What is a fair sales fee?

Discussion in 'Trading' started by neutrino, Nov 17, 2010.

  1. Hi guys, I am not sure where to post this question, but here it is: what would be a standard (fair) compensation for someone who has brought a client with X amount of money to a money manager? For example, I have some kind of relationship with a firm and they bring me a client with $100,000 to manage and I will actively trade that money on 2/20 basis (2% of assets/20% incentive fee). What percentage (commission) of these $100,000 I should be willing to offer to the firm in exchange for this marketing service?
  2. pspr


    I would say the equivilent of six months to one years worth of management fees.
  3. I was thinking something similar to that, this would account to about 1-2% based on client's assets. Of course it will depend on the leverage each party has in the negotiating of the fee, for example a new manager may be willing to pay a higher price for his first clients. But I am still interested if there are any industry norms.
  4. People who deliver money get between 2% and 5% of the amount, or can receive a percentage of the future performance fee if they trust the manager.
    One guy I know takes half of the manager's first year performance fee.
    That said, I am talking about private guys, and you are talking about a firm, so it is different.
  5. I said firm as an example, but it's really a person, who has a couple of wealthy clients, and I want to offer a fair compensation for introducing me to the clients and recommending me as a money manager.
  6. the1


    If you believe it will lead to future referrals I would be generous but being generous means you would have to live up to that level of generosity for future referrals. It's hard to offer 5% for the first referral and then 2% for the second+.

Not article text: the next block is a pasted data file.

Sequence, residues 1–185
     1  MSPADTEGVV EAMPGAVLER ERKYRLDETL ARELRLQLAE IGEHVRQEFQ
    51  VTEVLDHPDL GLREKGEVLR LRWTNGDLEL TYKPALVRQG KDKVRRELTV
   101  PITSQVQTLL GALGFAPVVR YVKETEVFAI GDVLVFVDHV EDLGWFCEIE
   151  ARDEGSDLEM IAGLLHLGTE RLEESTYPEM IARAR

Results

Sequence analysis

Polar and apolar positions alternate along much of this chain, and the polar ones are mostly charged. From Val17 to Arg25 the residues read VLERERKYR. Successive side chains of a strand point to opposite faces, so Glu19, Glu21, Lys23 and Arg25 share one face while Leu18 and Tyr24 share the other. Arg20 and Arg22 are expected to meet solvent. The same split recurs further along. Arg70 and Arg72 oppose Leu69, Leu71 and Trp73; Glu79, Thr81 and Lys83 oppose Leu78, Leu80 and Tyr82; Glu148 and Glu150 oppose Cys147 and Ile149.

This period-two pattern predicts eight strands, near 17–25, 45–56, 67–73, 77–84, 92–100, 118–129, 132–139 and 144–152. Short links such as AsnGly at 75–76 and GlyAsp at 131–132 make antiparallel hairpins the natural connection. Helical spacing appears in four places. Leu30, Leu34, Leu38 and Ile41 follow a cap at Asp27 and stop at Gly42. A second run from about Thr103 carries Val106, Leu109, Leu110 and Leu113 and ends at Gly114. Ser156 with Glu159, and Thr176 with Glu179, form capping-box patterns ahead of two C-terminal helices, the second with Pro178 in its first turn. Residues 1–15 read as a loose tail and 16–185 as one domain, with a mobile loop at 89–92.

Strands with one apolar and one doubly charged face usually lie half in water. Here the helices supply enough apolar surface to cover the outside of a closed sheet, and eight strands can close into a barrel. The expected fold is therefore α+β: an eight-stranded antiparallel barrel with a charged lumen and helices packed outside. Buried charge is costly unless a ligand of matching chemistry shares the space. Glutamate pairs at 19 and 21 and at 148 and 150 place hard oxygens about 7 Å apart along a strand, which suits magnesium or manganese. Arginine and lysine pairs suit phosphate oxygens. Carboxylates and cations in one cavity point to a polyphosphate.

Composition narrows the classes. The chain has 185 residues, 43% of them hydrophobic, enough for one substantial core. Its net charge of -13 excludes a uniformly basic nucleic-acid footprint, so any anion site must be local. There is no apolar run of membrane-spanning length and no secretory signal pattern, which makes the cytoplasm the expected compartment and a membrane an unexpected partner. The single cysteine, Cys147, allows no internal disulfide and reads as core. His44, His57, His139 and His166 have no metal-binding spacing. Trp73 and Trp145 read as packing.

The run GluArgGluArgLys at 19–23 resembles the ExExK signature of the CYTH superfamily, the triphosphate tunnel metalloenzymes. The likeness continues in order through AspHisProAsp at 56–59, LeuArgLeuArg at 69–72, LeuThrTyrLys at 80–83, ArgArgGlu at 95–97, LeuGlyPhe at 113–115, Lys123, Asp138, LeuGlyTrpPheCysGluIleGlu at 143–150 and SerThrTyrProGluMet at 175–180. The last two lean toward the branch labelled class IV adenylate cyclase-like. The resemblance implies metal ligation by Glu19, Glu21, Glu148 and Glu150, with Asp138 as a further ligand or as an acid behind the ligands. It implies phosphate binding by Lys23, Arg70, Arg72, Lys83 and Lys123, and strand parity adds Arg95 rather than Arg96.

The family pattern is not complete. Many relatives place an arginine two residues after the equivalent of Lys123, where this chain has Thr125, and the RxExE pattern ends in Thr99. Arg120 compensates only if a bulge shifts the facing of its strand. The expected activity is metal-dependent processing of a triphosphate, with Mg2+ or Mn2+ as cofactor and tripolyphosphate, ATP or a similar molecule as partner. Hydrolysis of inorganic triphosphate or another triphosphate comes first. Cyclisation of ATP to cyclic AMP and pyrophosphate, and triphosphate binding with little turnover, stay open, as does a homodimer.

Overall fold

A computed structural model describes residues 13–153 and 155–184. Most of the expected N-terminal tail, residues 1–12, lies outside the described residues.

7. Lets say you are a money managing trader.

    Just say yes to whatever they suggest except showing them how well you trade.

    They want to make money with their capital.

    Just give them a better deal than they can get elsewhere. They know the going rate, you are not the first they are considering.

    Also require them to let their payout profits run.

    Their money goes into a pool and you just send them updates on their initial capital plus payouts set in the contract.

    What do you have?

    You have all the trading profits from your expertise less a little bit that is on the level of the financial industry performance.

    You just make a guarantee in writing in a legal contract.

    Lets use a small multiple of the daily ATR as an example.

    Use 10 points as ATR on ES.

    Use a payout similar to the best money managers. 40% of initial capital could be used.

    An ES contract is 30 points.

    You are considering paying out 40% of 30 points per year. 12 points a year.

    You make a small multiple of 10 points a day using the pool you trade. Use a 1.2 multiple of the 10 point ATR.

    It looks like you trade one day a year for them and 239 days for you.

    On a 5 min ES chart there are 81 bars a day. Each bar overlaps and each bar has volatility.

    Mark off 25 groups of bars. Does each group have 1/2 point swing? If they do you can make 12.5 points a day on 30 points.

    Here is a conservative strategy.

    Go in on the open of every third bar. After open exit when two ticks net is attained and wait on sidelines. Wash if you get an emotional signal.

    As the days go by, from earnings, set aside some profits that go to clients. Set aside 40% until you get to 12 points relative to 30 points margin. Then keep and trade the rest for the rest of the year.

    If they ask for profits dsitribution, give all their money back.

    The point is this: Anyone who trades can give a client 40% a year as a trivial cost of capital for personal trading gain.
  8. 20% of what the fund earns is standard in the biz for introductions. If fund charges 2% mgt fee, you get 20% of the 2%. Etc.

    I have seen this negotiated up to 50% but that's very very rare.
  9. pspr


    Of course, if you are going to do a "Madoff" you'll need to pay a high fee for more money until you can show you've paid back a high return to a few. You'll need an exponential increase in investors over time to keep the ponzie floating for a while. And, plan on eventually seeing some jail time with all the sex you can handle :D

    Is it worth it? Only if you are morally bankrupt and don't think there is judgement after death.

    What if you start out honestly but things aren't going well and you start inflating returns and rather than call it quits you fudge a few numbers and it eventually becomes a ponzie? You have to have a number in mind that that if reached you will call it quits. Otherwise you would be in danger of the above and unable to turn back.
  10. What does madoff have to do with standard fees in the business? I don't understand.
    #10     Nov 18, 2010